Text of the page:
first_img29 July 2014South Africa’s Tim Clark captured the PGA Tour’s RBC Canadian Open on Sunday, storming to the title by carding five birdies on an inward nine of 30 to take a one-shot victory over third-round leader Jim Furyk.The victory, achieved on the Royal Montreal Golf Club’s Blue Course, was Clark’s second on the PGA Tour. He previously won the Players Championship in 2010.Furyk, a two-time winner of the Canadian Open, carried a three-shot lead into the final round, but couldn’t respond to Clark’s furious finish‘Suddenly I got hot’“It looked like Jim wasn’t going to make any mistakes. He was pretty solid, so I knew I had to make birdies. At that point, there was nothing to lose. Suddenly I got hot and I went with it,” Clark said afterwards.“Any national Open to me is special and it’s an honour for me to be the Open champion,” Clark told reporters.OptimisticVictory was a very welcome result for the South African star, who had struggled for consistent form in recent times after undergoing major elbow surgery in 2011. With his confidence restored by the win, he was optimistic that he could build upon it. “If I stay in this sort of frame of mind, there’s no reason why I can’t keep it going,” Clark said.All four of his rounds were comfortably in the sixties. He opened with successive 67s, followed by a six-under-par 64 and a 65 to finish on 17-under 263.Furyk closed with a one-under-par 69 to end on 16-under 264, three shots clear of third placed Justin Hicks, who totalled a 13-under-par 267.Els, Goosen on songClark was not the only South African on song in the Canadian Open. Ernie Els also showed some decent form and finished in a tie for twelfth, as did Retief Goosen.“It is one of the oldest national opens in world golf and as a player you feel that sense of national pride from the fans and from the sponsors and the people running the tournament,” Els wrote on his website“It’s fun to be a part of it and even more so when you play some good stuff, as I did on the way to finishing tied-12th last week. So pleased to see my old mate Tim Clark back in the winner’s circle, too.“Anyway, that’s my best finish in a strokeplay tournament in 2014, which says a lot about my year, but never mind that, I’ll take some positives away from Montreal.”LeaderboardEls tied with seven others on eight-under 272 after rounds of 70, 67, 69 and 66. Goosen went around in rounds of 69, 67, 69 and 67.Charl Schwartzel shared 43rd position on three-under 277 after posting a 66, 72, 70 and 69 scorecard.Thomas Aiken made the cut, but away in the last two rounds to end on five-over 285.last_img read more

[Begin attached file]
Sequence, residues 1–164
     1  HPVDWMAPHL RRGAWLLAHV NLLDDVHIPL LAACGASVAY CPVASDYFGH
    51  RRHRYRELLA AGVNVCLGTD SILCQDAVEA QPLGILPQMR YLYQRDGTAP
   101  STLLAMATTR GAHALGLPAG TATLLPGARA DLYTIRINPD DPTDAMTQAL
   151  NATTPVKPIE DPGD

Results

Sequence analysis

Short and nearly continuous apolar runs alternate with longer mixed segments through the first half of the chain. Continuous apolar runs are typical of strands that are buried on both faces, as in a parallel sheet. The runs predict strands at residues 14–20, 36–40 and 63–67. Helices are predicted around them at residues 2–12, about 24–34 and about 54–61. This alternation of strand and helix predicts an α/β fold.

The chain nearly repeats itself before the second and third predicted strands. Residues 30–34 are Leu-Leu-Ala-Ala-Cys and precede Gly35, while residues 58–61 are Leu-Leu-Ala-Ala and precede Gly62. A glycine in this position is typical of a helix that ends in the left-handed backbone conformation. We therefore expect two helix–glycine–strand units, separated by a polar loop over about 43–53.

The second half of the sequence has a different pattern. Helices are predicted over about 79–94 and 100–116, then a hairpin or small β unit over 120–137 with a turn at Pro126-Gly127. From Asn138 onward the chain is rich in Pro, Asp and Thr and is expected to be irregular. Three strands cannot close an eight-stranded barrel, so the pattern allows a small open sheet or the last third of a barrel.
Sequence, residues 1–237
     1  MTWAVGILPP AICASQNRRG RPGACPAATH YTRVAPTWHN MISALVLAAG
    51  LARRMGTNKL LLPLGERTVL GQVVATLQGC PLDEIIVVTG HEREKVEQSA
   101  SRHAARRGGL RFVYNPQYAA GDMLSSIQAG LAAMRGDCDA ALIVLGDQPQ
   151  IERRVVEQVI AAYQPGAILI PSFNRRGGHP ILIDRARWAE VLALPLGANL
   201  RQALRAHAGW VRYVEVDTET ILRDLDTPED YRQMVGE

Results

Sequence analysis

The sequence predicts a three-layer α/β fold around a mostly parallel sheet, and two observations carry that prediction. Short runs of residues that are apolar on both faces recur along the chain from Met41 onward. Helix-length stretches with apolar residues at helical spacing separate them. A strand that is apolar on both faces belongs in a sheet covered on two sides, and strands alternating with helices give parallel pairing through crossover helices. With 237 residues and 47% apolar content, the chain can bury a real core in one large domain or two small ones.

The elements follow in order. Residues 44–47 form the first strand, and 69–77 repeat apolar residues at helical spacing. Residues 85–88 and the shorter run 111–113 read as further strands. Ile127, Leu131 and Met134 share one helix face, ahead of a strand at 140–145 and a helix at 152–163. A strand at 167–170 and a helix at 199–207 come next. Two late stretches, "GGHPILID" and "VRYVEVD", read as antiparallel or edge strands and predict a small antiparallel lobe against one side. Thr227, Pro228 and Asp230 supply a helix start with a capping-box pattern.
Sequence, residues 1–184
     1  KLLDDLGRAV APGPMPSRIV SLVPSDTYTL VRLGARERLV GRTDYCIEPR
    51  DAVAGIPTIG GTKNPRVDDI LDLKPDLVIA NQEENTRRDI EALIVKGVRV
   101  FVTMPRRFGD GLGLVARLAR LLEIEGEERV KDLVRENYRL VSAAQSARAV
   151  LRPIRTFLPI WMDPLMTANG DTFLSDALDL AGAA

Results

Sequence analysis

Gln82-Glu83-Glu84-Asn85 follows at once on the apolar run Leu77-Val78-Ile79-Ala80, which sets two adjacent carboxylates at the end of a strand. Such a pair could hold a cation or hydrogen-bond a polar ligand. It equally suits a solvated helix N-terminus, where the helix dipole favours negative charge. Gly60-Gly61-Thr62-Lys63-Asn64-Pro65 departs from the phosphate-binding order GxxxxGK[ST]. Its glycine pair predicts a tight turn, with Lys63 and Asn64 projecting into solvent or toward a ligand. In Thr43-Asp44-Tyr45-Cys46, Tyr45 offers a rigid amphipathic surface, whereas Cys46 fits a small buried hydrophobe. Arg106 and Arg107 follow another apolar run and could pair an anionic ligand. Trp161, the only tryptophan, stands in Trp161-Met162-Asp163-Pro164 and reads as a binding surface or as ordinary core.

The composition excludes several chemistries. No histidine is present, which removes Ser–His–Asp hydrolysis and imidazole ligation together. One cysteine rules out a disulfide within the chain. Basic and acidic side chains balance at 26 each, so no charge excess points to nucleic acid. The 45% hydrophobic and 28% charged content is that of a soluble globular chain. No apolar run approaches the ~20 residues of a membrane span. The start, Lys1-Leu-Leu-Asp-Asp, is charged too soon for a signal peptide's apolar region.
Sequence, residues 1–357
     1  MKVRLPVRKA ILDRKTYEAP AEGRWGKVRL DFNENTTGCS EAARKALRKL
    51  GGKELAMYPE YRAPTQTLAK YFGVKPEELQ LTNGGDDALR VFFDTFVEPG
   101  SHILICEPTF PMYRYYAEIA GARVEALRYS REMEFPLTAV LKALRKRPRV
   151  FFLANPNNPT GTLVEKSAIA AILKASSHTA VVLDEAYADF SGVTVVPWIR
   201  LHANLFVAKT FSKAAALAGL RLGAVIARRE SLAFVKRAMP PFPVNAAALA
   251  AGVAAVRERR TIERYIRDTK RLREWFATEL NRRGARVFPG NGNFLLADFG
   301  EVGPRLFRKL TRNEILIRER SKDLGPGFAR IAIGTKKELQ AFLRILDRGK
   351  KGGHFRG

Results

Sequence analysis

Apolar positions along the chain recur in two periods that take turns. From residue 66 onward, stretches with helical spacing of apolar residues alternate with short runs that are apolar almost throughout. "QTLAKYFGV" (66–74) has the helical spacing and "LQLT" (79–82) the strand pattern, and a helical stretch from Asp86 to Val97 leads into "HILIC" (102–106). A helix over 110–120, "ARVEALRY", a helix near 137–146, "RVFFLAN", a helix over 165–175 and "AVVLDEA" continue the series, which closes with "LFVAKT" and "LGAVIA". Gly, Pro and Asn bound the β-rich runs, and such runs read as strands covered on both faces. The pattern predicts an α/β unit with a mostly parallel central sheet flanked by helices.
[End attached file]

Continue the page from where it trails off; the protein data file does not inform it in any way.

30 Years of National Competition – part three